Man admits stealing thousands of spruce tree tops from national forest
A 70-year-old Grand Rapids man admits to stealing thousands of black spruce tree tops from the Chippewa National Forest. Joseph Edminster entered a guilty plea Friday to one count of theft of government property before U.S. District Court Judge W...
A 70-year-old Grand Rapids man admits to stealing thousands of black spruce tree tops from the Chippewa National Forest.
Joseph Edminster entered a guilty plea Friday to one count of theft of government property before U.S. District Court Judge Wilhelmina M. Wright in St. Paul.
According to the defendant's guilty plea and documents filed in court, between October 2008 and October 2014, Edminster cut and stole more than 2,700 black spruce tree tops from the Chippewa National Forest. He did not have the authority to take the tree tops from federal lands.
After taking the tree tops, Edminster would sell them to wholesalers for use as Christmas decorations, a news release stated. The Grand Rapids man sold the tops for $1.50 to $2.50 each to various wholesale vendors, who in turn would sell each top for up to $6 each to various retail outlets in Minnesota, Iowa and Illinois. The retail cost for individual spruce tops ranges from $2.50 to $7.50 depending on the height. Spruce tops are most often sold in bundles of five or 10 depending on the height with each bundle retailing from $12.99 to $36.99. Since 2008, Edminster stole at least $24,199.50 worth of spruce tops from federal land.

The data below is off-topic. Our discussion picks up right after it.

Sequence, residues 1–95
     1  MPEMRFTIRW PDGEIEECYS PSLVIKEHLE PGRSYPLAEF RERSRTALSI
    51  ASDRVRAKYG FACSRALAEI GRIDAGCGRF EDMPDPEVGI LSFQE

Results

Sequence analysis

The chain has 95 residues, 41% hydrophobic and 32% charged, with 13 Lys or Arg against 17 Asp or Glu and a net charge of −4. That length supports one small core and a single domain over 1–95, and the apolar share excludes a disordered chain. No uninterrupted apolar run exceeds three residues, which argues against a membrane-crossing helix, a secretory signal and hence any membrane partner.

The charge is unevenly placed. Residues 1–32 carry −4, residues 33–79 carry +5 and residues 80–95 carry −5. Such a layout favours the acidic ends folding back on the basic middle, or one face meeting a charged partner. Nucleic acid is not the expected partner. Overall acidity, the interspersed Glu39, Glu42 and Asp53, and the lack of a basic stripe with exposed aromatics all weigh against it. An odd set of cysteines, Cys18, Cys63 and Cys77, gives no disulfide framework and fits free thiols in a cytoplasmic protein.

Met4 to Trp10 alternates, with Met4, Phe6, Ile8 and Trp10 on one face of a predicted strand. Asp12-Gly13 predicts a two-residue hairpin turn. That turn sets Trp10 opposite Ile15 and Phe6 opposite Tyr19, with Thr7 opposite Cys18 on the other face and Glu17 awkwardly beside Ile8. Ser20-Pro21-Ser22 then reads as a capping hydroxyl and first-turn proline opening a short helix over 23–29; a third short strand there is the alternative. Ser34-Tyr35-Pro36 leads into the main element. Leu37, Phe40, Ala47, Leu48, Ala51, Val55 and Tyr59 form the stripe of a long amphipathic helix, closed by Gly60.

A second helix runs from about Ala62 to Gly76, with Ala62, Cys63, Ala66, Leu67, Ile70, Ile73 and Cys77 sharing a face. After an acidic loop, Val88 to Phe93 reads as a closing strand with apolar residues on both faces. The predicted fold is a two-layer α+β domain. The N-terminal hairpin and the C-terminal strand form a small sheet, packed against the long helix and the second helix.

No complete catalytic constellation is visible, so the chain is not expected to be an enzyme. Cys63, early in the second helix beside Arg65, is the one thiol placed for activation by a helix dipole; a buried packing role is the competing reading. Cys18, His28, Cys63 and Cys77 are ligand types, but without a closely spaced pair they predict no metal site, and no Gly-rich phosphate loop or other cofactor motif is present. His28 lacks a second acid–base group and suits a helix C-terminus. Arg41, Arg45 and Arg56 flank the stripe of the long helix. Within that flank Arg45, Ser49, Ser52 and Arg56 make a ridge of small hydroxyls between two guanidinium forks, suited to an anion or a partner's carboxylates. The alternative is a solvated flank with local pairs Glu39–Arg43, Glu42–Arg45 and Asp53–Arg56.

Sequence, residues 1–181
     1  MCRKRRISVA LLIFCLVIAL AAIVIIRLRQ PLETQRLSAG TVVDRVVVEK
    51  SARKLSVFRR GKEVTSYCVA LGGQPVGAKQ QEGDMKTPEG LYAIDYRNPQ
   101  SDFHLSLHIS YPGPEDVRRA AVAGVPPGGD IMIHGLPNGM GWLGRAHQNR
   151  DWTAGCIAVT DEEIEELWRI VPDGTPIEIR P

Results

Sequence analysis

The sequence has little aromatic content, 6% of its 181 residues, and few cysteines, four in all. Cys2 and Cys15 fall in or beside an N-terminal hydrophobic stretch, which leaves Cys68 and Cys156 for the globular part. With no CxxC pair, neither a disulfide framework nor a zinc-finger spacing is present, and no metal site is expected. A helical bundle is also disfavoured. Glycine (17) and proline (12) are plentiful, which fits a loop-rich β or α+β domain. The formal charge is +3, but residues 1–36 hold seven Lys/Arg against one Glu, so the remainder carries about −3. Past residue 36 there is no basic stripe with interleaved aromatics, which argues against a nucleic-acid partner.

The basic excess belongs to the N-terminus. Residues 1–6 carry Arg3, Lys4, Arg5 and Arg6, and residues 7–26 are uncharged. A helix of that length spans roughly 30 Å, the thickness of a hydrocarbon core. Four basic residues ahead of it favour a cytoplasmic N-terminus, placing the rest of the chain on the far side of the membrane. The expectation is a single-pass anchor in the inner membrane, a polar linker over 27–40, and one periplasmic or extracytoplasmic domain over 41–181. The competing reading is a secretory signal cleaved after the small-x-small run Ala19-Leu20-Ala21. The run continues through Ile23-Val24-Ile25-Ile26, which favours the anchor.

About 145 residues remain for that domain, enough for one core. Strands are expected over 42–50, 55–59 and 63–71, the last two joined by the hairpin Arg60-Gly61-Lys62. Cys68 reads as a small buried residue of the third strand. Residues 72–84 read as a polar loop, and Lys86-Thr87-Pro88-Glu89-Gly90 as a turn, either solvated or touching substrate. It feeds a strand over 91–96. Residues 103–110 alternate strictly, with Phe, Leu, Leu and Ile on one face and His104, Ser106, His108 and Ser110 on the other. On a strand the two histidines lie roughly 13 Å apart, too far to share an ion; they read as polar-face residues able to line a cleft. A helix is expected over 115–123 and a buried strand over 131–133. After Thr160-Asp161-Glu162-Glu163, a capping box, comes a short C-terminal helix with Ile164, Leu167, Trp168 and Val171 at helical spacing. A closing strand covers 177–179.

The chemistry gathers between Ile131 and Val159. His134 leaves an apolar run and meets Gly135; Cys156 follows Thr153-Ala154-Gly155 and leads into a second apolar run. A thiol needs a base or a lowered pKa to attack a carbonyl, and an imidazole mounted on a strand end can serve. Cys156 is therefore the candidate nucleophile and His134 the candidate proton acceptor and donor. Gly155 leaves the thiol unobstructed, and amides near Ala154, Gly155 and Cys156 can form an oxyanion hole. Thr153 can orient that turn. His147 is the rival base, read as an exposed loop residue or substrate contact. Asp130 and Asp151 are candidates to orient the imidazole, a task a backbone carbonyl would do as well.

"We will vigorously pursue those responsible for such acts, dedicating any and all investigative resources needed in order to bring these matters to a just conclusion," Darla Lenz, the Chippewa National Forest supervisor, stated in a news release. "The public can rest assured that this matter has been resolved and we will continue to protect our national forests."
Black spruce is a North American pine species. It is widespread across Canada and the northern United States, including the Great Lakes region. Black spruce is found in northern and northeastern parts of Minnesota, extending as far south as northern Anoka County.
The popularity of black spruce tops and other forest products that are used in the seasonal holiday decorative market has surged over the last 20 years. The spruce tops are sold at landscape retailers and some grocery and home improvement stores nationwide.
The cutting or otherwise damaging any timber, tree or other forest product, to include black spruce is prohibited on National Forest land except as authorized by a special use authorization, timber sale, contract or other federal law or regulation.
This case is the result of an investigation conducted by the U.S. Forest Service's Law Enforcement and Investigations division.
This case is being prosecuted by Assistant United States Attorney Laura Provinzino.